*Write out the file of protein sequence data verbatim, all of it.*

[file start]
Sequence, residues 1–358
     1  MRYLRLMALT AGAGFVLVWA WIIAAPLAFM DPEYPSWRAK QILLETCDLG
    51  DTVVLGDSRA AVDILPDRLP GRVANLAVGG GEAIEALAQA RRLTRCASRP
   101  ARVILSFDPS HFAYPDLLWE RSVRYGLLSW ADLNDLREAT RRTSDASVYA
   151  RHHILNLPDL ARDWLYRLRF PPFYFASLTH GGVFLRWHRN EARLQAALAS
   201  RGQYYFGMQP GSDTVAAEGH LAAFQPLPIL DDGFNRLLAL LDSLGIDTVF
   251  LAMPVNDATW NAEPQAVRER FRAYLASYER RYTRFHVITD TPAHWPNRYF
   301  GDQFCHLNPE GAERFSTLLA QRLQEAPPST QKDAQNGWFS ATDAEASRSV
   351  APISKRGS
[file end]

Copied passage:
Sequence, residues 1–358
     1  MRYLRLMALT AGAGFVLVWA WIIAAPLAFM DPEYPSWRAK QILLETCDLG
    51  DTVVLGDSRA AVDILPDRLP GRVANLAVGG GEAIEALAQA RRLTRCASRP
   101  ARVILSFDPS HFAYPDLLWE RSVRYGLLSW ADLNDLREAT RRTSDASVYA
   151  RHHILNLPDL ARDWLYRLRF PPFYFASLTH GGVFLRWHRN EARLQAALAS
   201  RGQYYFGMQP GSDTVAAEGH LAAFQPLPIL DDGFNRLLAL LDSLGIDTVF
   251  LAMPVNDATW NAEPQAVRER FRAYLASYER RYTRFHVITD TPAHWPNRYF
   301  GDQFCHLNPE GAERFSTLLA QRLQEAPPST QKDAQNGWFS ATDAEASRSV
   351  APISKRGS